Friday, 29 April 2016

Tackling Intarsia!

Intarsia is not my favourite knitting technique, I have to confess. A couple of years ago, I spotted a knitted handbag in a magazine and thought it looked fun and would make the perfect Christmas present for a friend. After all, how hard can intarsia be?

I know. Ignorance is bliss right?

Off the top of my head, this had about five colours in it and regular breaks, so I was juggling up to three mini balls of each colour. It was an absolute nightmare, I just couldn't get it right. I gave up on it and it's currently sitting at the bottom of my Ravelry Projects Page in the ignominious Frogged pile.

I vowed never to touch intarsia again because it was stressful and hideous and - well, you get the idea of how I felt about instarsia.

Thankfully, nothing using intarsia ever popped up that I wanted to knit (whether because of my loathing for the technique or because I genuinely never saw anything I liked enough, we'll never know). Until, that is, Katie of the Inside Number 23 video cast started a Harry Potter KAL. We all know I love Harry Potter and when I saw her Weasley Jumper, I just knew I had to have one. And that, my friends, is how I came back to the land of intarsia. Not kicking and screaming, not even grudgingly, but with an actual smile on my face. Who'd have thought?

I had a few problems - shock! horror! - with the intarsia in this project, but it was more about looks than the technique.

Too small!
I made myself a pattern based on the H given in the pattern, using the same sizing and style, but about three rows in I knew I didn't like it. I'm not a large person, but it just looked far too small for the size of the jumper and I didn't like the style of it.

I went back to my graph (I have MacStitch software on my computer which is really handy for this kind of thing) and tried again.

Too big!
This time I put in the number of stitches horizontally and vertically that I had available and filled the space, leaving a small margin above and at the sides. I also tried a slightly different style of letter, going for a more traditional serif font than the blunter version in the pattern.

This time I got about five rows in before I realised there was a strong chance I'd be playing yarn chicken and that it was far too big. It would have ended up looking childish (says the woman knitting a Harry Potter jumper with her initial on it - don't worry, I appreciate the irony).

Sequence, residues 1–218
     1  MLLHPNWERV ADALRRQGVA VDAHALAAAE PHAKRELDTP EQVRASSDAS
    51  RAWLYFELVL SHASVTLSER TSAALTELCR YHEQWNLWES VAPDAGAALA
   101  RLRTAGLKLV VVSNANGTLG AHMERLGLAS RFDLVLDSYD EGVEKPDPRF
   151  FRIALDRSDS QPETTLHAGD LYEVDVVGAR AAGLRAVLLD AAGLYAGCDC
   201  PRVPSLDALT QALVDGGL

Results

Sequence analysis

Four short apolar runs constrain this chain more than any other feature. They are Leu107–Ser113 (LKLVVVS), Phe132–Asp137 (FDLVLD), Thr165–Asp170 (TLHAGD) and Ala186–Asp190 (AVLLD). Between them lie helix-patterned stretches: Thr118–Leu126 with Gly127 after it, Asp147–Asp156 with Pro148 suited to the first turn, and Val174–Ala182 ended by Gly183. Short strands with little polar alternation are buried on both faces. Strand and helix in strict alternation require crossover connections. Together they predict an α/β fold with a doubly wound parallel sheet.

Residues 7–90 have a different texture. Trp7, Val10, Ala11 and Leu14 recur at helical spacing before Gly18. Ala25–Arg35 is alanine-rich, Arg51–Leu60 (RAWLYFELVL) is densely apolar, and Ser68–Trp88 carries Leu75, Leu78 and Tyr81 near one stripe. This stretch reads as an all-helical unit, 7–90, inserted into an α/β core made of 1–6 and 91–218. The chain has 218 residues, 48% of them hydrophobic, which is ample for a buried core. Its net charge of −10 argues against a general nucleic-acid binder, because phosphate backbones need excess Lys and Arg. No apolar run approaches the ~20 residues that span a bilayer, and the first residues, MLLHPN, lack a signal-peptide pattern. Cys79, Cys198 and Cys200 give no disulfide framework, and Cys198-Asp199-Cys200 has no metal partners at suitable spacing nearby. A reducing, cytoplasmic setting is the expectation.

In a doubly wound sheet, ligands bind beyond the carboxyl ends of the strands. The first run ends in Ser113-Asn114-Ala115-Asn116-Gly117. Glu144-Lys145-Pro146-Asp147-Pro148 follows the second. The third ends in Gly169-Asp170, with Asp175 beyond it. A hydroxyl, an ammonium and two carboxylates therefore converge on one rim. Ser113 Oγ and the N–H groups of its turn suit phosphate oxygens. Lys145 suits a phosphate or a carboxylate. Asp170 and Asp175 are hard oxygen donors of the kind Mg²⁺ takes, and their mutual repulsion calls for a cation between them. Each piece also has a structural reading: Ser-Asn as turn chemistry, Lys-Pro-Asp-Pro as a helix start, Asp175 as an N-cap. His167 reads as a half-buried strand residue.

Back to the drawing board!

Just right!
This time I took a little more time to figure out what I actually wanted. I lay the jumper on the floor, measured out how much more of it there was to go and how much of that space I wanted filled up with the letter. I settled on 6"x6", sketched out what that translated to in rows and stitches and then designed the letter.

I'd recommend actually doing this first, rather than going through the too big and too small process!

It was still an incredibly lengthy process, even once I had it right. It was very slow going as I stopped at the end of every row to make sure I wasn't in a tangle. But apart from that, I didn't have a problem with the intarsia itself.

Sometimes a break is good - coming back to something a while later can be really beneficial. I had gotten over my intarsia is evil feelings and was ready to try it again. Coming back to the first project day-after-day, getting madder and madder probably didn't help the process at all.

What I've learnt from this process is something that I ought to have known already really - don't run before you can walk! Perhaps if I'd started out with two colour intarsia, I wouldn't have avoided it for years. Learning a technique in a simple form is so much easier than diving straight in at a higher level. I shouldn't have to learn that, but apparently I needed to.

1 comment:

  1. I love this jumper! And next time you do intarsia, use yarn bobbins, they stop the yarn getting tangled while it's waiting at the back to be used. And they're a bargain at about £1.50 for 10.